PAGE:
Aspects of the Problem of Self-Determination in Heidegger's Philosophy

Dissertation, Duquesne University (1997)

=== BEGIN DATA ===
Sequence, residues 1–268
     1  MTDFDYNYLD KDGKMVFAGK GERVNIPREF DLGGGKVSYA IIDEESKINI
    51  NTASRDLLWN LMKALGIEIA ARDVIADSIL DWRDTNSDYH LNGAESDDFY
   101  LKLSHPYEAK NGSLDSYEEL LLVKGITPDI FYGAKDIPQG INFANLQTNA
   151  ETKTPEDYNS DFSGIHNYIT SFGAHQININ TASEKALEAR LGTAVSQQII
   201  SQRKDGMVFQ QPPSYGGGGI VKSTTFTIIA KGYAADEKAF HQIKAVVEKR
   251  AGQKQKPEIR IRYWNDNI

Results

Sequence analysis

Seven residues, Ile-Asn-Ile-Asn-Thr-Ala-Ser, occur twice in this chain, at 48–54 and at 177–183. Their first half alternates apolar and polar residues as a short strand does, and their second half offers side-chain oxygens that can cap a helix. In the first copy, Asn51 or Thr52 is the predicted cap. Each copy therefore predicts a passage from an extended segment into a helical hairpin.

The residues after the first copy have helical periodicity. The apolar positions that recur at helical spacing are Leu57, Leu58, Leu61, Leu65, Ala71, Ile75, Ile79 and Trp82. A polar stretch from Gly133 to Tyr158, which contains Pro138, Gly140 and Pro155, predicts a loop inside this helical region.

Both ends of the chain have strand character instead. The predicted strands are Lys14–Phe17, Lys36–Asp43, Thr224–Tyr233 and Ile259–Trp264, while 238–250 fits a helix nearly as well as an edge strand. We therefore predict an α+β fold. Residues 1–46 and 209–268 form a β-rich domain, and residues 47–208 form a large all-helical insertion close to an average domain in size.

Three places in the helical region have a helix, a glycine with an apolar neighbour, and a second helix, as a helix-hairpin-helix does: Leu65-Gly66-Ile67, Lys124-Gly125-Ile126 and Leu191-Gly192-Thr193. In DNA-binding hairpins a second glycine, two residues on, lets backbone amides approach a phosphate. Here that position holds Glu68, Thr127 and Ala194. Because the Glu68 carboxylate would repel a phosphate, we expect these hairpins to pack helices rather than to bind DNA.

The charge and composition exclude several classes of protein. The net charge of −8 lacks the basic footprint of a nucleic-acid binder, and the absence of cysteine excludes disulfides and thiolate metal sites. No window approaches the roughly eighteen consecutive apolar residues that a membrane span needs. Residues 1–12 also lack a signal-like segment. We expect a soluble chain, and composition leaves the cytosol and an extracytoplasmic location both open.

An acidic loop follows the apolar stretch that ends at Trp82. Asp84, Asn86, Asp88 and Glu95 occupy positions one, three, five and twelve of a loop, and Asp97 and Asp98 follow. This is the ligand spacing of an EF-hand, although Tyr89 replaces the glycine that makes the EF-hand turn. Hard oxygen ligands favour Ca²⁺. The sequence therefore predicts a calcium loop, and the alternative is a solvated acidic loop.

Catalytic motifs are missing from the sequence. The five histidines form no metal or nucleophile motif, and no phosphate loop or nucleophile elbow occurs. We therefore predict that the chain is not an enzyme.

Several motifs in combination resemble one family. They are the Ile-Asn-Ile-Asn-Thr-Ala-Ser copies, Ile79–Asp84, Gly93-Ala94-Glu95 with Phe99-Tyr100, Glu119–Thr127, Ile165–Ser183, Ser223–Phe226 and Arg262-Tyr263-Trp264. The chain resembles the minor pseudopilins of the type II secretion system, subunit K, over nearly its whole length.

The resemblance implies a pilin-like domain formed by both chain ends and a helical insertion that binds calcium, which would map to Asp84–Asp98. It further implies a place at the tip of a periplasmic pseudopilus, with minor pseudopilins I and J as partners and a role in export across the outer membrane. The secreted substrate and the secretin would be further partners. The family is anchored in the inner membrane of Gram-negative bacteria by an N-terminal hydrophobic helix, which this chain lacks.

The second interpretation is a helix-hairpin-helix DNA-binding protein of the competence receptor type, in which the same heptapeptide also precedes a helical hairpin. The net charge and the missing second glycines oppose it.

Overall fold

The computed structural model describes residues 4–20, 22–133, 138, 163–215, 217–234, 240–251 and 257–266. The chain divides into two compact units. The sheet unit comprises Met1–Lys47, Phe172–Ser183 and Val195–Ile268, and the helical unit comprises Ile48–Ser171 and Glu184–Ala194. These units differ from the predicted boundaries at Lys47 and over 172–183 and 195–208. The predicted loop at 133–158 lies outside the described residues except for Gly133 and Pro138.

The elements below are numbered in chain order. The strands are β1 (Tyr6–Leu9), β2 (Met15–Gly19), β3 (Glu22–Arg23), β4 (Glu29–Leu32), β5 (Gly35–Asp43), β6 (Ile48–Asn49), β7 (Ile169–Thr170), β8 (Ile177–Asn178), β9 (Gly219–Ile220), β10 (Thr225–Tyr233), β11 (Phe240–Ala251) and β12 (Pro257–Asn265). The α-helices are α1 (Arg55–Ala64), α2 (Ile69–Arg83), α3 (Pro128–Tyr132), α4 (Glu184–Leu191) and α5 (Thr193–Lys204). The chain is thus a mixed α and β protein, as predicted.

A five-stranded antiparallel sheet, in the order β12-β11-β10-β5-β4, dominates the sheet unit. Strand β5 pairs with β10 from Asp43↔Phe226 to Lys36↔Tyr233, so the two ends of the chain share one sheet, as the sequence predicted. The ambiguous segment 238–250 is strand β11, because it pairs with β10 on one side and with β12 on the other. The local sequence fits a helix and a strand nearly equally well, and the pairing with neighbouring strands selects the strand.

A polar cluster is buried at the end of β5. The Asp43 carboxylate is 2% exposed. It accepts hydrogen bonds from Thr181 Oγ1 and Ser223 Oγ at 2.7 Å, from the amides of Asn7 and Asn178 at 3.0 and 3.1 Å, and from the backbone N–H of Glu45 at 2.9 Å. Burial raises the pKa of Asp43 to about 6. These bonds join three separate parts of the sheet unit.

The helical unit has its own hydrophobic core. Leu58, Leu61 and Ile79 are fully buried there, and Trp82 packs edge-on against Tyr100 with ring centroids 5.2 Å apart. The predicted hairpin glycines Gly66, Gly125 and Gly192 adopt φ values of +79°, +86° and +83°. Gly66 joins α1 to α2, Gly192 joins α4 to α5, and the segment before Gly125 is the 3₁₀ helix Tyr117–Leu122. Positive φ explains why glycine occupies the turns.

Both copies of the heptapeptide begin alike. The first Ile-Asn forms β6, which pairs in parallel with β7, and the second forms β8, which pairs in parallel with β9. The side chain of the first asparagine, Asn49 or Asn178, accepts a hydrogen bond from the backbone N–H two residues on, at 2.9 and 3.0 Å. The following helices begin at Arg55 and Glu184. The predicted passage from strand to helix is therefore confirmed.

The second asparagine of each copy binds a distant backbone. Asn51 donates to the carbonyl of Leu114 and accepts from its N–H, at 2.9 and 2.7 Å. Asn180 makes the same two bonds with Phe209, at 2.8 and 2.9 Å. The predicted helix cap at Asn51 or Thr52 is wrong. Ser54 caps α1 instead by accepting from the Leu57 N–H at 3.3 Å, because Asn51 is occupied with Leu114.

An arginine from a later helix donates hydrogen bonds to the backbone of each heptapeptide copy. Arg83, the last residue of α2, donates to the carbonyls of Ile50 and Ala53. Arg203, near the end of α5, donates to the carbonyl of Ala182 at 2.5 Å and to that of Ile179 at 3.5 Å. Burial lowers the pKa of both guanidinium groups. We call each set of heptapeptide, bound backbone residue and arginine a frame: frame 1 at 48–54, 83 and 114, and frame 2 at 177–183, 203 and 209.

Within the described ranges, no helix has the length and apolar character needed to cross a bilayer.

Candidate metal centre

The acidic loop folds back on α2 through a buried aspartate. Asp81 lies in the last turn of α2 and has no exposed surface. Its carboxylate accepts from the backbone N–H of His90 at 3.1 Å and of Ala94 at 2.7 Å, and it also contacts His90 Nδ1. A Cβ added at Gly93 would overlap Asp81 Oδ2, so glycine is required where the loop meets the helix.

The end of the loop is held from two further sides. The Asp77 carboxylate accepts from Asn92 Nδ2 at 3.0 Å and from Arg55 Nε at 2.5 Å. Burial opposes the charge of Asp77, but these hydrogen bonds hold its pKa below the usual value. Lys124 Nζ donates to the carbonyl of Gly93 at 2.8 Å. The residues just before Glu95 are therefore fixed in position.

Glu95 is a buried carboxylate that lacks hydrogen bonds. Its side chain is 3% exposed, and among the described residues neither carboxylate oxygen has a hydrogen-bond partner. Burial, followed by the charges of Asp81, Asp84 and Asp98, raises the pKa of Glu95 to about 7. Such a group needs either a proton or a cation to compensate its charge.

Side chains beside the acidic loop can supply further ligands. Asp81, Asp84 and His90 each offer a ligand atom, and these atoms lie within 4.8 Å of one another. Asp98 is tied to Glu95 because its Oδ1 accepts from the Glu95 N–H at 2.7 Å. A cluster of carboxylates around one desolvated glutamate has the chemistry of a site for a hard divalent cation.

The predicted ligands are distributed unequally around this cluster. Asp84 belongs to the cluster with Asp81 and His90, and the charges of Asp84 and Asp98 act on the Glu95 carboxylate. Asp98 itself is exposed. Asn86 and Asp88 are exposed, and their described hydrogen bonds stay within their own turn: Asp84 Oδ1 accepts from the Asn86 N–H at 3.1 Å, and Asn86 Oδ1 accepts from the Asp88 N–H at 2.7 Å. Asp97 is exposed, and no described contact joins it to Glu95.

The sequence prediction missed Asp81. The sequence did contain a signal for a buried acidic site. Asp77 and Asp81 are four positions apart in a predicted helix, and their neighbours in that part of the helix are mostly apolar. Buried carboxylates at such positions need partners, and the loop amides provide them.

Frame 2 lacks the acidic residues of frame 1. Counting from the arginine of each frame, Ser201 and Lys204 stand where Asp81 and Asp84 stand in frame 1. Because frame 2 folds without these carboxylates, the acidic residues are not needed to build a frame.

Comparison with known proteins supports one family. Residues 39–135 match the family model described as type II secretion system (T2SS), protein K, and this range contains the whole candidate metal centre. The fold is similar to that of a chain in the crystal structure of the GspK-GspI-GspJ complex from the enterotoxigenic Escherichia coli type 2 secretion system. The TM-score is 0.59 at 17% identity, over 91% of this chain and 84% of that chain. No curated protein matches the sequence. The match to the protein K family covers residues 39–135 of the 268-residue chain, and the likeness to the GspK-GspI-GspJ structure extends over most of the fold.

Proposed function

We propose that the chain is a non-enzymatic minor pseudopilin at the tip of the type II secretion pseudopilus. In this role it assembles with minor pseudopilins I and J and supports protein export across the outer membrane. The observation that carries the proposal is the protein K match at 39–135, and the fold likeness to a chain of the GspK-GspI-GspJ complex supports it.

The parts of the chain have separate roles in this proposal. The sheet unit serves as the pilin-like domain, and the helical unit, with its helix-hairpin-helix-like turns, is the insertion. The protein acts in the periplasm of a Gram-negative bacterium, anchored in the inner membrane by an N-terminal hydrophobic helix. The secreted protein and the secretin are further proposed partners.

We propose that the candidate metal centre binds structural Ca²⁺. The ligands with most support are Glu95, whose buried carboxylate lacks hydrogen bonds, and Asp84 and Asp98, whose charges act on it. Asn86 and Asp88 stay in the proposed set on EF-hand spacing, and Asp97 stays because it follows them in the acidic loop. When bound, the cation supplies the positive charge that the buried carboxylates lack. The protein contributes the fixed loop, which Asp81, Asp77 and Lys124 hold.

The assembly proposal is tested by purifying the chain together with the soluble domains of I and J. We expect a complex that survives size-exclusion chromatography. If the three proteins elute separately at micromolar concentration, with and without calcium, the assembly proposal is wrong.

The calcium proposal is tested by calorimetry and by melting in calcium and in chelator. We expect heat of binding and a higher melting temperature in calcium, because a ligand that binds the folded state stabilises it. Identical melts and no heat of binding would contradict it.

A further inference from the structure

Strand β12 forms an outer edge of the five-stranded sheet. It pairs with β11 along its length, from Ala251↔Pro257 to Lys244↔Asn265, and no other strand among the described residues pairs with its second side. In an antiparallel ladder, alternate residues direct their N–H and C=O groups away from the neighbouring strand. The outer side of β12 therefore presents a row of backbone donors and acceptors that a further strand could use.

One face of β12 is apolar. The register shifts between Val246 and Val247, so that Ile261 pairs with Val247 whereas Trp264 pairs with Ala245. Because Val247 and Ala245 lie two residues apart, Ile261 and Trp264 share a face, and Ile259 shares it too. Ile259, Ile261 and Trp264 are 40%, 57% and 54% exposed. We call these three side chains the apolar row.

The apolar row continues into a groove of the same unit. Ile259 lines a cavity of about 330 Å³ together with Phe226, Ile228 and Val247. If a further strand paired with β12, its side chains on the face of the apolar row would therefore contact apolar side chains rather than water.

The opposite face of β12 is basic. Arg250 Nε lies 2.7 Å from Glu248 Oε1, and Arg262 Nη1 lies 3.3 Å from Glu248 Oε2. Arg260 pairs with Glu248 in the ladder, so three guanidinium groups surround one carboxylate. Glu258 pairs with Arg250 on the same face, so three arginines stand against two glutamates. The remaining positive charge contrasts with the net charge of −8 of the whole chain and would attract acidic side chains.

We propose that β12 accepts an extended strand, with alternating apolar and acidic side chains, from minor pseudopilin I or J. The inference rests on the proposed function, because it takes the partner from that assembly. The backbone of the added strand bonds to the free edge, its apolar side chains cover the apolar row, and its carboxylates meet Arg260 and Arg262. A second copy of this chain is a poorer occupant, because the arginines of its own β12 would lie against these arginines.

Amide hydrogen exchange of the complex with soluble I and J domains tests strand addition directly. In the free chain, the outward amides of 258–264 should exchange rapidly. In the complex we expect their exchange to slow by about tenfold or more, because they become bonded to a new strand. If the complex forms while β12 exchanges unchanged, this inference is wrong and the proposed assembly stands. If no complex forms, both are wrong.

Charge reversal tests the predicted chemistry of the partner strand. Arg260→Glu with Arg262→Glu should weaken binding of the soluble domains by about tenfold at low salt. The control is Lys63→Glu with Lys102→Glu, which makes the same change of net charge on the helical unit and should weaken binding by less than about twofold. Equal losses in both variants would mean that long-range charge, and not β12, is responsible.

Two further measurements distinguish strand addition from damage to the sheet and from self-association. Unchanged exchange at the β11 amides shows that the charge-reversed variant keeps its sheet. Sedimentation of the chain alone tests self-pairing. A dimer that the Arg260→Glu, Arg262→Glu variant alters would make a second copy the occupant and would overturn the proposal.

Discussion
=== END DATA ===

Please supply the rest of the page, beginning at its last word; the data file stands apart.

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The dissertation adopts the question of self-determination as a thread to guide us into Martin Heidegger's work. Heidegger's early work is expounded as an attempt to ascertain the possibility of self-determination, while his later work is expounded as the renunciation of this attempt. In chapters one to four, the author focuses on the exposition of Being and Time. The author upholds that Heidegger's early philosophy is torn in different directions. In the phenomenological descriptions of the first division of Being and Time, we see the attempt to think Dasein as a relational being, which depends on others and on the world. However, Heidegger's distinction between authentic and inauthentic Dasein is not only descriptive. It contains a call to self-determination. The philosophy of Being and Time changes as a result of this call. In order to ascertain the possibility of self-determination, Heidegger shifts the focus away from being-in-the-world and toward the self's concern with itself. The theory of temporality as the meaning of care obliterates the essential thrownness of Dasein. The author argues that there is a conflict between phenomenological description and existentialist concern with oneself in Heidegger's early project. In chapter five, the author argues that this conflict is one of the main reasons for the famous "turning" in Heidegger's philosophy. Heidegger realizes that he cannot grasp the world-oriented, "ecstatical" character of Dasein without giving up his early theory of temporality as the meaning of care. The idea of a supra-historical articulation of existential structures is rejected. The author argues that "epochality" and "nativity" are the basic forms of Dasein's lack of self-determination. Human being is never autonomous, insofar as it always already belongs to a particular age and historical people
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